Sharply divergent visions of Georgia’s future emerged Wednesday in advance of a likely bruising campaign between Republican Gov. Nathan Deal’s optimistic stay-the-course message and a surprisingly brutal rebuttal by Democrat Jason Carter.
Deal’s sunny forecast in his State of the State address was more of a stump speech than a sober outline of the next steps for Georgia’s recovering economy, and a crowd of partisans from both parties treated it just so. As Democrats sat silently, Republicans lustily applauded his only overt mention of the coming campaign: “Just imagine what we can do in another five years.”
With a $547 million increase in education funding, the governor is hoping to blunt jabs from three opponents who contend he’s ignored a growing crisis in Georgia’s schools. Yet he must face charges that the election-year shift falls well short of closing the multiyear funding gap that has led to teacher furloughs, stagnant pay and shorter school calendars.
Carter, a state senator from Atlanta whose bid to oust Deal has already attracted heaps of national attention, struck a contrast. He accused the Republican of a “moral failure” in protecting children and claimed the governor’s policies are aimed at the business elite at the expense of the middle class.
In his first concrete policy proposal since launching his bid for governor in November, Carter proposed creating a separate education budget that would be walled off from legislative interference. He said Deal’s reluctance to further increase public spending threatens the state’s long-term economic revival.
“The farmers in our family would say we’re eating our seed corn,” Carter said in a nod to his peanut-farming grandfather, former President Jimmy Carter. “And I was raised to believe that we reap what we sow.”
It was the first speech and rebuttal between an incumbent governor and his likely challenger during a State of the State in recent memory. And it made for a memorable contrast. The 71-year-old governor’s speech on the House floor was preceded by all the pomp afforded a governor, while his 38-year-old rival’s rebuttal came from a cramped office across the street overflowing with media.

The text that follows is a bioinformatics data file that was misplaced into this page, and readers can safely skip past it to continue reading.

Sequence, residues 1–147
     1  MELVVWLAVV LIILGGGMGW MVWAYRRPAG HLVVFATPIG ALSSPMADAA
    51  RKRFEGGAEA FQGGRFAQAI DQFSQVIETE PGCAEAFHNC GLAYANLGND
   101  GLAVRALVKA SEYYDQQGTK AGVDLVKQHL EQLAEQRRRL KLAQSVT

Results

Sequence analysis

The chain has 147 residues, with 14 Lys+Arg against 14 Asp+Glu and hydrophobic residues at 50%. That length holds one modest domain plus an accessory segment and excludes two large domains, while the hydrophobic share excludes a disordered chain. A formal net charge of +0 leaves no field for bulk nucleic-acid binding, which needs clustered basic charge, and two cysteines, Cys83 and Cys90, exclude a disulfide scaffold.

Deal’s two GOP rivals, Superintendent John Barge and Dalton Mayor David Pennington, both responded with skepticism to the State of the State. Barge questioned the governor’s timing for the education increase and said it wasn’t enough to fix stubborn problems. And Pennington said the surge in spending amounts to “throwing money at a problem with no real intention of fixing it.”
The governor’s fourth-year agenda is not overly ambitious or aggressive, but instead is tailor-made for the long campaign trail ahead. Embedded throughout his $20.8 billion spending plan are proposals that would deprive his rivals of some of their most salient arguments.
There’s a new scholarship that would provide full tuition for high-achieving tech college students that seeks to address one of the biggest missteps in Deal’s first three years in office — the move requiring technical college students to maintain a 3.0 grade-point average to keep HOPE scholarship money.
And his proposal to spend nearly $45 million on the biggest Internet expansion in Georgia school history — an idea that first came from a Barge staffer — deprives the superintendent of a campaign push to bolster the state’s lagging technology infrastructure.
But there’s no major tax overhaul and no appetite for more contentious proposals, such as a first-in-the-nation overhaul of the state’s medical malpractice system. He will press for a third round of criminal justice changes, but even this effort is significantly less expansive than his pushes over the past two years.
Deal instead doubled down on base-pleasing initiatives by repeating his refusal to use federal money to expand Medicaid and rejecting calls by some Democrats to raise money to fund infrastructure or education improvements.
“We must resist those temptations,” Deal said. “Just as individuals cannot borrow their way out of debt, governments cannot tax their way out of a recession.”
The governor can expect more attacks from the right, the left and the center as he asks voters for a second term. And perhaps the loudest will come from Carter, who has already raised more than $1.3 million to amplify his megaphone. He’s worked to sharpen his attacks on Deal since joining the race in November, and Wednesday’s speech was a chance to showcase.
“If you’re a big business, if you’re a political deal maker or if you’re one of the governor’s friends, chances are things are going well for you in Georgia today,” Carter said. “But if you’re a small business or a regular middle-class family, chances are you’re feeling forgotten.”
Deal rejected that notion and said he’s directed funding toward the state’s greatest needs. With a broad smile, he unleashed a metaphor that could become a stump speech fixture and compared Georgia’s economy to a dawning sunrise after a long winter slumber.
“And now our efforts are being rewarded,” he said. “The early rays of recovery are cresting the skyline.”